I still plan to PR. I'm still going to try for that 1:30. I'll know if I have a chance around the halfway mark as that comes after three miles of downhill. If I'm below 45 minutes, I'll have a shot. If not, I'll just race to beat last year's time. If my legs blow up on me... well... that's my own fault for going out too hard.

Thursday, January 20, 2011

My best season ever

Over on Endurance Corner, January's theme is "Your Best Season Ever." So far this month there has been a ton of great content about figuring out what you did in the past and what you are doing now to set yourself up for success. It's focused on sport, and triathlon specifically, but there's a lot of good stuff in there that's applicable to life in general.

I'm fortunate that in my editorial role for the site I get to see all the content early and mull it over in advance of posting. So if you wonder why I'm fast 10 days earlier than you, there's your answer...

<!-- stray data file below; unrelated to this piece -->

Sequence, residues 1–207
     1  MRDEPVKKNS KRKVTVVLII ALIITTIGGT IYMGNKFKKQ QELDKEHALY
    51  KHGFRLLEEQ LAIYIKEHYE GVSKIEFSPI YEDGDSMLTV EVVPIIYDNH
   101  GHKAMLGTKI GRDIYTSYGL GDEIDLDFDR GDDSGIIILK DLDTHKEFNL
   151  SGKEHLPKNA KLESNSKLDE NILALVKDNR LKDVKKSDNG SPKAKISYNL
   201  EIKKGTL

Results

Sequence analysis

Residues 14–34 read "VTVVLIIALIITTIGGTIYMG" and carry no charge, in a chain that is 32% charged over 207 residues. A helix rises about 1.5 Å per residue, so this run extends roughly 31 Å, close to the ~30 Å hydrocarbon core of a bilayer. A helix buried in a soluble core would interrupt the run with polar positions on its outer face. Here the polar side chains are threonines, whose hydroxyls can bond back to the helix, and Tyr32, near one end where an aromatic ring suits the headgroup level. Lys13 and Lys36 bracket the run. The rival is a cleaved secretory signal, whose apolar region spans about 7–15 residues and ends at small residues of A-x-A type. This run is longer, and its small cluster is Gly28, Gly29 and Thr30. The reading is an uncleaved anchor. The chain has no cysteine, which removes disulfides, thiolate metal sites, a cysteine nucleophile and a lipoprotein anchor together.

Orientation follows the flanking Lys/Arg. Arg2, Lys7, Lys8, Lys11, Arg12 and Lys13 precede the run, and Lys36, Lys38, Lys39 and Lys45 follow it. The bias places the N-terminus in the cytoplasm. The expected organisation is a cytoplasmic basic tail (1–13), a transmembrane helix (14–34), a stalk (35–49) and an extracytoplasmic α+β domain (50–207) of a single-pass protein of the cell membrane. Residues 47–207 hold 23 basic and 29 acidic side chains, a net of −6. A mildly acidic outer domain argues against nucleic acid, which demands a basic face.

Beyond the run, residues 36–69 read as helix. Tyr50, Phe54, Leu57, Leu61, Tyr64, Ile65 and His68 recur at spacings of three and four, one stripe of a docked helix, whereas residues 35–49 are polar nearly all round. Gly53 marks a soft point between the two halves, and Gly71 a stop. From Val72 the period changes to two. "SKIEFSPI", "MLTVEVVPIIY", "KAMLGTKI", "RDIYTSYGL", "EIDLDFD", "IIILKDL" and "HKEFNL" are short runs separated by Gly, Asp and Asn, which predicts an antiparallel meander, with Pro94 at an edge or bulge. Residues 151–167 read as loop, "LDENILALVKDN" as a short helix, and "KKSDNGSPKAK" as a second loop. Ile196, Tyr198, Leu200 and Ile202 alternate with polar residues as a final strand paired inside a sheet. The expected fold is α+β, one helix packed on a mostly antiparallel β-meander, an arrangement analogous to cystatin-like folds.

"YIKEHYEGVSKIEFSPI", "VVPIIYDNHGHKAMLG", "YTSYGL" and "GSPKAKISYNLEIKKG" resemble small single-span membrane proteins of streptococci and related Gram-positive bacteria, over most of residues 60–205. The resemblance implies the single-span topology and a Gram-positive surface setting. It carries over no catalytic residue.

The main objective of the theme is to help readers have their best season ever in 2011 (in case you couldn't figure that out by yourself). It's very Men's Healthish, I know. Some of the other contenders for the month theme were "Lose Your Gut" or "Fight Flab and Win!" but those don't apply to EC's general audience.

In reading through all the content, I began reflecting on my 2010. I've said before (but probably not on this blog, since I've been a little irregular with the updates) that I feel 2010 was a breakthrough year for me. I set a personal best in every event in which I competed -- ironman, half ironman, olympic distance, half marathon... even what I felt was an out of shape 5k in November was still almost half a minute faster than ever before.